opinions and views, an empathetic leader makes the difference by having a
series of one-on-one sessions to listen to everyone in the team. The team is
then directed accordingly after cobwebs of communication gaps and perceptions
are cleared.

   Sustaining motivation in a team can only be achieved if leader
empathizes with the led and prepares them. Given the high demands of the
profession, the subordinates need to be groomed for a longer haul, where in
their thought process is shaped in a manner that it empowers them to adjust to
the dynamics in a desirable manner. Leaders require empathy to develop team
members in face of higher stakes. The good old concept of ‘mentoring’ sadly has
receded from the present day landscape of military unit life. Mentoring can
work best in conditions of sound inter personal relationship. Also, high
quotient of empathy in the leader enables him to vary his approach of dealing
with each of the mind he or the designated mentor addresses. Benevolence,
Humility, Justice and Tolerance are some of the attributes that
constitute overall empathy. Benevolence is giving to the team mates without
having any return as motive. Humility is a modest or ‘low’ view of one’s
importance, but is not low self-esteem. It amounts to sharing credit with the
team and taking responsibility in face of failures. Justice is the concept of
moral right based on ethics, rationality, law and equity along with the reward
of punishment upon breach of ethics. For a leader, being fair and appearing to
be fair are equally important. Tolerance has three perspectives; firstly, it is
the mind-set that willingly accepts beliefs of others; secondly, it is about
realizing that people possess varying levels of characters and are at varying
levels of personality development; and thirdly, it is about being open to ambiguity
i.e. ability to perceive gaps in information and to continue to plan and
execute in the absence of orders, fearlessly.

· Social Skills. The culmination of rest of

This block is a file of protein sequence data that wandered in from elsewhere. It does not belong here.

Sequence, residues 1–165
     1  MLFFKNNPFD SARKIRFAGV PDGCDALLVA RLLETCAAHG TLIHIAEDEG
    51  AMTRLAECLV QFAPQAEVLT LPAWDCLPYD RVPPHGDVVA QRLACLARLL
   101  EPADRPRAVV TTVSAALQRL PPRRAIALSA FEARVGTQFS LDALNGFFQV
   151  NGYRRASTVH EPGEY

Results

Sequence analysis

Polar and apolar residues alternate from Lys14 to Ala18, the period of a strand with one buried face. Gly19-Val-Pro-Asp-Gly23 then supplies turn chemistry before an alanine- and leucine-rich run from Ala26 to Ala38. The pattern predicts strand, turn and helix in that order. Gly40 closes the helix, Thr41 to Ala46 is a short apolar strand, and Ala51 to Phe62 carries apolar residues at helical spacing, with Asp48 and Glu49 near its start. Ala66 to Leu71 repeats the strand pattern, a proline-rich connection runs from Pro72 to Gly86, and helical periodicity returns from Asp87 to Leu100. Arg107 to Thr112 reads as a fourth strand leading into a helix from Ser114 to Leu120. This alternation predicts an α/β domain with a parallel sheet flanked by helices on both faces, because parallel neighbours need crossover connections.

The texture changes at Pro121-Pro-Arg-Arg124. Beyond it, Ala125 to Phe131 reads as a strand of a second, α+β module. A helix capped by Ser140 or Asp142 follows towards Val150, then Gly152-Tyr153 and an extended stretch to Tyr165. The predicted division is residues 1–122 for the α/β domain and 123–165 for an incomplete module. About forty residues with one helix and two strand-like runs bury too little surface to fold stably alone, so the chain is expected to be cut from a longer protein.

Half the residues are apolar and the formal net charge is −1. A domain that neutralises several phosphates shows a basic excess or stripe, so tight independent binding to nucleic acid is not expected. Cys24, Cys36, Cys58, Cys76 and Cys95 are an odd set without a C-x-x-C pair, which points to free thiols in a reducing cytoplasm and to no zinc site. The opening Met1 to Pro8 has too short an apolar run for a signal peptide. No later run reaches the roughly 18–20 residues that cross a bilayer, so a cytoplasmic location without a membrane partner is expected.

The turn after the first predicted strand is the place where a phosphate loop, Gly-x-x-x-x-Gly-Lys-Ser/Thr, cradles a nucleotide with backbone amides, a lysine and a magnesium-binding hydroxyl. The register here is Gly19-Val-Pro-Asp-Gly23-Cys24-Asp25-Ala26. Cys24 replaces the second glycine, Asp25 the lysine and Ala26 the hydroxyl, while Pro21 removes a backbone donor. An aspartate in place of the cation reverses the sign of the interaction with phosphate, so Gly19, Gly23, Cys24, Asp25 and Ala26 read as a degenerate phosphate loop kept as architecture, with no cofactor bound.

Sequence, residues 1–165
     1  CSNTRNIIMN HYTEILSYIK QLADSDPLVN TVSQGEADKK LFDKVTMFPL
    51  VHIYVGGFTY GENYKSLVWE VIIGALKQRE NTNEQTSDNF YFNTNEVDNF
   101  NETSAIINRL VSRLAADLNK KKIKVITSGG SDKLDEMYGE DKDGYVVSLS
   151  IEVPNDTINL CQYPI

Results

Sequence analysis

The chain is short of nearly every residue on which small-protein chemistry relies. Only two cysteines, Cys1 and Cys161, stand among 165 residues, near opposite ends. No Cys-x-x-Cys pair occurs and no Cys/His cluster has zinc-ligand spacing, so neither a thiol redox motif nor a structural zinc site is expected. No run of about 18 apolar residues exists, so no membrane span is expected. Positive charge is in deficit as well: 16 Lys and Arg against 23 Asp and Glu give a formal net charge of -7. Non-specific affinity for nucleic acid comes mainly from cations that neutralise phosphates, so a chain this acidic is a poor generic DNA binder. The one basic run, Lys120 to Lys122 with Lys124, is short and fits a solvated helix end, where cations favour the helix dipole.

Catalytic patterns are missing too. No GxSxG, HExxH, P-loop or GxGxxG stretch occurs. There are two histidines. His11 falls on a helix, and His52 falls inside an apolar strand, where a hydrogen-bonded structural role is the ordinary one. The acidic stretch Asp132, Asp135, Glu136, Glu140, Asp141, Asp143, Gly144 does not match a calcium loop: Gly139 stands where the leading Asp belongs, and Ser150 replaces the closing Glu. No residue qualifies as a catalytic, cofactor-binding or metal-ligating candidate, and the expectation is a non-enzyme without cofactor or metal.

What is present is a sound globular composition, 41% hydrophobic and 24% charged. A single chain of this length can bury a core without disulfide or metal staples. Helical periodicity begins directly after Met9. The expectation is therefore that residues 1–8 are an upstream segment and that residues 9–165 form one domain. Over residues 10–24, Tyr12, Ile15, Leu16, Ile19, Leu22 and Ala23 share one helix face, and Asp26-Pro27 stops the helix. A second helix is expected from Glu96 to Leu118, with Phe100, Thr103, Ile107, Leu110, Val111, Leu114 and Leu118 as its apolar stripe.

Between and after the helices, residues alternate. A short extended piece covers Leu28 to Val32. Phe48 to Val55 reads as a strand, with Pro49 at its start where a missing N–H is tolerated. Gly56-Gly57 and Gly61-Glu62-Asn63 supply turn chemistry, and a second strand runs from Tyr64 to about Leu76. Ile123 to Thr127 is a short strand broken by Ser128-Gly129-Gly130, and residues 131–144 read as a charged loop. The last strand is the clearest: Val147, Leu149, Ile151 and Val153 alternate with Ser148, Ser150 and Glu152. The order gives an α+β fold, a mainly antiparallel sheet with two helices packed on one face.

the components of EI manifest in sound social skills. After all, the leader’s
task is to get work done through other people and social skills make that
possible. The leader puts EI to work through social skills by converting his
leadership style into a conceivable form. Since it is the outcome of the other
dimensions of EI, social skill is recognizable on the job in many ways.
Socially skilled leaders are good at leading their team due to attributes of
empathy in them. Similarly, they are expert persuaders – a manifestation of
self-awareness, self-regulation and empathy combined. Attitude and Enthusiasm
are the harbingers to cultivate sound social skills. A leader’s poor
attitude has the potential to become team’s greatest liability. Enthusiasm has
to be initiated and nurtured by a leader through regular interaction with the
team mates. The leader ought to be more focused on having a conversation than
on announcing or positioning himself. With good social skills comes in the
quality of building healthy rapport with other team members. When the sub
components like empathy and motivation become publicly visible, the leader’s
passion for work spreads within unit, leading to enhanced team effectiveness.
In nut shell, social skills are nothing but communication skills manifesting
into – selling ideas, talking the talk and walking the talk, influencing and
persuasion.